Mind you, we're not talking about full frontal nudity here. And we're not even talking about frequent topless scenes. (Take note: it appears that, for reasons that have less to do with modesty than agility, a dance double is used in two or three shots.) But what there is, is not bad at all.
In fact, Moore might look a little too va-va-voom for the movie's own good. It requires a vigorous leap of the imagination to accept the idea that someone with her attributes -- not to mention her obvious intelligence and feistiness -- would have to settle for a job in a place as thoroughly seedy as the Eager Beaver. Somewhere a bit classier? Like, say, the South Florida equivalent of Rick's? Maybe. But a haven for brawlers and beery sailors? Doubtful. On the other hand, as someone seated near me at a preview screening felt compelled to note: "Look! She's got stretch marks." (He was referring to her stomach, in case you're interested.) Not being an expert on the subject, I'll admit that this minor blemish might disqualify a woman from being a true top-of-the-line ecdysiast.
Then again, maybe we're supposed to think of Moore's Erin as a major element in an ambitious plan to upgrade the Eager Beaver. Orly (Jerry Grayson), the fretful owner of the rowdy nightspot, wants to attract a more upscale clientele, and thinks he can do just that with dancers such as Erin. He doesn't care much for her taste in music -- evidently, she prefers to strip to Annie Lennox numbers -- but as long as she pleases the customers, he won't complain. On the other hand, he is genuinely hurt when Erin bluntly refuses to take part in the Eager Beaver's latest gimmick: creamed-corn wrestling. Orly tries to reason with her: she won't have to be completely nude. In fact, she can't be completely nude: if she were, the health department would complain about her proximity to food products. Erin merely smiles and remarks: "I always did like the health department."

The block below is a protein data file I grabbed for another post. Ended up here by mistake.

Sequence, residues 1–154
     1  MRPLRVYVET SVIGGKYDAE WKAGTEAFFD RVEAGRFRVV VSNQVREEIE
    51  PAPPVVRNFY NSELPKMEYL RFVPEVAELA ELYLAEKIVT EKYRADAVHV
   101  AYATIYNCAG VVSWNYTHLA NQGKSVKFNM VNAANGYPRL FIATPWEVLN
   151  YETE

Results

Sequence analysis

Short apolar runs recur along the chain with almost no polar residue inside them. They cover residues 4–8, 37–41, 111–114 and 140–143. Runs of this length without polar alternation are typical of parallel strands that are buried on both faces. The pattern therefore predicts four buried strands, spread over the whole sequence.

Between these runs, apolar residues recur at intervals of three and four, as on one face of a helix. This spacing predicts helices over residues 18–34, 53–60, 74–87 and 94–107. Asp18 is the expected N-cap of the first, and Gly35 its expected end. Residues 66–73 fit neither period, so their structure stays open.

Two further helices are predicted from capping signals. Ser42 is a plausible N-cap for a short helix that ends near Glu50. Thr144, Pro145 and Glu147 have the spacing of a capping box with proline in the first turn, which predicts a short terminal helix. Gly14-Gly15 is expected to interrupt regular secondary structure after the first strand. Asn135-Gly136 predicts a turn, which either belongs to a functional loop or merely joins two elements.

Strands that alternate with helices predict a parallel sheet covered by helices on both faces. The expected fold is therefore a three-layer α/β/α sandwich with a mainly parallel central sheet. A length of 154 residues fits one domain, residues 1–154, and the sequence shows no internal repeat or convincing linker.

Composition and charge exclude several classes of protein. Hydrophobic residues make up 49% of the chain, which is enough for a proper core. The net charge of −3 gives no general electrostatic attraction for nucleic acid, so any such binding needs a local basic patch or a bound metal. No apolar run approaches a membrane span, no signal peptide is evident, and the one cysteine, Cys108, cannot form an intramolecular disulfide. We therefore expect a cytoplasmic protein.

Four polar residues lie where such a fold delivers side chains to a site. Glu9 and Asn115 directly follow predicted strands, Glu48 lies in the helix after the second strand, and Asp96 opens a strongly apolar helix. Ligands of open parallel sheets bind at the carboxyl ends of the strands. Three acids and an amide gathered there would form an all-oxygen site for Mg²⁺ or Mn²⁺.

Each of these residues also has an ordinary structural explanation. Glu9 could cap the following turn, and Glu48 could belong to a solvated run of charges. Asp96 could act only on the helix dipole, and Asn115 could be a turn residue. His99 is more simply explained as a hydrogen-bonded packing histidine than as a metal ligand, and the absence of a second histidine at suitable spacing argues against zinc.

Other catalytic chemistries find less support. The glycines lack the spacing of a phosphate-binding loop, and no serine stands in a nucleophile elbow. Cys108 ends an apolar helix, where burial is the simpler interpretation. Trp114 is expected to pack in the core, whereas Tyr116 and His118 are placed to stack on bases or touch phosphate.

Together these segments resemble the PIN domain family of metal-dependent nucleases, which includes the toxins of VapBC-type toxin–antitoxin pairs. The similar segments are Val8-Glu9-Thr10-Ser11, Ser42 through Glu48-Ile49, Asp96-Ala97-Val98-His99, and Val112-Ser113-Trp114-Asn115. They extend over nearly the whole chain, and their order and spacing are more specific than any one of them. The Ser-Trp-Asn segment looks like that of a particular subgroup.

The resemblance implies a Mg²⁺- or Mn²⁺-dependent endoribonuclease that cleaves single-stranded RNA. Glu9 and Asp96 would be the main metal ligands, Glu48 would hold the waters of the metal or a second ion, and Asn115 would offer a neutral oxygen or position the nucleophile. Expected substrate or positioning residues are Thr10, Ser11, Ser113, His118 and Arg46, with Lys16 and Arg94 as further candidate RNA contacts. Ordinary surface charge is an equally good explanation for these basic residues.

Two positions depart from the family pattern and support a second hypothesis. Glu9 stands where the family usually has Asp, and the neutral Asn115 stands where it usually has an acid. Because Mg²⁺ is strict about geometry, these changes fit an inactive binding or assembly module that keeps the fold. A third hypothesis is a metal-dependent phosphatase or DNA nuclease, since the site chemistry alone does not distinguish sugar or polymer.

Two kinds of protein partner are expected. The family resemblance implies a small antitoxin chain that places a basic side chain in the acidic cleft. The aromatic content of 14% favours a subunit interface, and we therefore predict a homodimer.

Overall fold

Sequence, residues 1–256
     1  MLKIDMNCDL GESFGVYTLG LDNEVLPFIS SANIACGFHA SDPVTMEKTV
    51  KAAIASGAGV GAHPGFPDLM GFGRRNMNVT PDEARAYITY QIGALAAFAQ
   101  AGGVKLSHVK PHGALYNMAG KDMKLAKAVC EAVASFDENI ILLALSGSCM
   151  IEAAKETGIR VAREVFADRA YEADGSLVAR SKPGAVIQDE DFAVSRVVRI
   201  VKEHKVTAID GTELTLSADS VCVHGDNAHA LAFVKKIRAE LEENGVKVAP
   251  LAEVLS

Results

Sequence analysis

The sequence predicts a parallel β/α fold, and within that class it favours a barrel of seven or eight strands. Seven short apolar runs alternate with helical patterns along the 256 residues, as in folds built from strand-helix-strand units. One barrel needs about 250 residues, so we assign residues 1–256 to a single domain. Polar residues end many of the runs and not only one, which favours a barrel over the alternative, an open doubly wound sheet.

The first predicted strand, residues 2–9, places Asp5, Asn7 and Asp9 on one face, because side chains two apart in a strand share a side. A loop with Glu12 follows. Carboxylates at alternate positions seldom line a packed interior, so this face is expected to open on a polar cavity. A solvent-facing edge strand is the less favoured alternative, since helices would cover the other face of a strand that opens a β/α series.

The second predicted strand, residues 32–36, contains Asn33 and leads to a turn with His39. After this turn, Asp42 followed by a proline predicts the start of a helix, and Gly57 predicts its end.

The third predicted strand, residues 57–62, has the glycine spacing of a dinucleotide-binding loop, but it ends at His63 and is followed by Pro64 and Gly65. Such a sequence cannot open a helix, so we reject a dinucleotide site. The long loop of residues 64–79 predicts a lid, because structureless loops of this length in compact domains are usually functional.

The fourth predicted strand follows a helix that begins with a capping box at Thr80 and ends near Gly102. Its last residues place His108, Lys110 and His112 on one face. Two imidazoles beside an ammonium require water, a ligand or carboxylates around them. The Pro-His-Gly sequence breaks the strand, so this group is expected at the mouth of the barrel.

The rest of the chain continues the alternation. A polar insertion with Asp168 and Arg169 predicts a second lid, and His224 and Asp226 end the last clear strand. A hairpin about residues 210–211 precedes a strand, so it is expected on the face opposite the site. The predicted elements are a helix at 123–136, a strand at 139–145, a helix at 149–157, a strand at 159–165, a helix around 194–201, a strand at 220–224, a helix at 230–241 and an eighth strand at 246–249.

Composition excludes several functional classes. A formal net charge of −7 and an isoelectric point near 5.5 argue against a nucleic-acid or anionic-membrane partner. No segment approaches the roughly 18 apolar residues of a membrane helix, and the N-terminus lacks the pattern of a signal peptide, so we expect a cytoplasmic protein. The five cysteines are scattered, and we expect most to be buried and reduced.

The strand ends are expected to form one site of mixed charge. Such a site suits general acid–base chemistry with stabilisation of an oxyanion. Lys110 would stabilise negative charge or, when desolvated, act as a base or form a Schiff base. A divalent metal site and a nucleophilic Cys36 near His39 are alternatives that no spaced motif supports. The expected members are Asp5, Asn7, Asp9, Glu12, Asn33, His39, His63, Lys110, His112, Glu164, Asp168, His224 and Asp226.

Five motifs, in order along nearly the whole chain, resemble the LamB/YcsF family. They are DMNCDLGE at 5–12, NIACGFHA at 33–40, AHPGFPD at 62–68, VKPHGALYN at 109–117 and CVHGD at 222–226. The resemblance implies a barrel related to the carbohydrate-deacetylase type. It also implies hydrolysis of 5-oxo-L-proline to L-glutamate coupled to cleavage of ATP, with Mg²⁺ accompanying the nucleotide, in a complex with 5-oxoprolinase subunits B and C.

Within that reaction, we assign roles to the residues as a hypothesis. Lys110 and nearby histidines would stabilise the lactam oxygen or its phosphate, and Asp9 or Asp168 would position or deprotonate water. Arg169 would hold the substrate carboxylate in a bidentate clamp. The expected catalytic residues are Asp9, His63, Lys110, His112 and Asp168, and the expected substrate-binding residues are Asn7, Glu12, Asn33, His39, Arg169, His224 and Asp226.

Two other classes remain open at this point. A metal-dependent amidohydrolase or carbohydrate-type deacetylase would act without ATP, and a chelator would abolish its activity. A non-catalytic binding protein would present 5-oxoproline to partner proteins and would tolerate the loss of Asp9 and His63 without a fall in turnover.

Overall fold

Occasionally, Striptease makes a jarring lurch instead of a smooth transition while shifting from silliness to sentimentality, or from sharp satire to lusty pratfalls. And while the movie as a whole is extremely amusing, it somehow never manages to make that final leap to become as wild and crazy as it initially promises to be. But Moore gives a strong and self-assured performance in the lead role, and she is surrounded by a capable supporting cast that includes her own young daughter, Rumer Willis, as Erin's little girl. Other notables include Robert Patrick as Erin's dangerous ex-husband, Armand Assante as a homicide cop who becomes a valuable (but strictly platonic) friend for Erin and Paul Guilfoyle as a political fixer who will stop at nothing to protect the congressman from his worst impulses during an election year. Burt Reynolds is the congressman, David Dilbeck, and he is thoroughly believable as a sex-crazed buffoon whose kinky agenda includes cowboy boots, boxer shorts and lots and lots of warm Vaseline.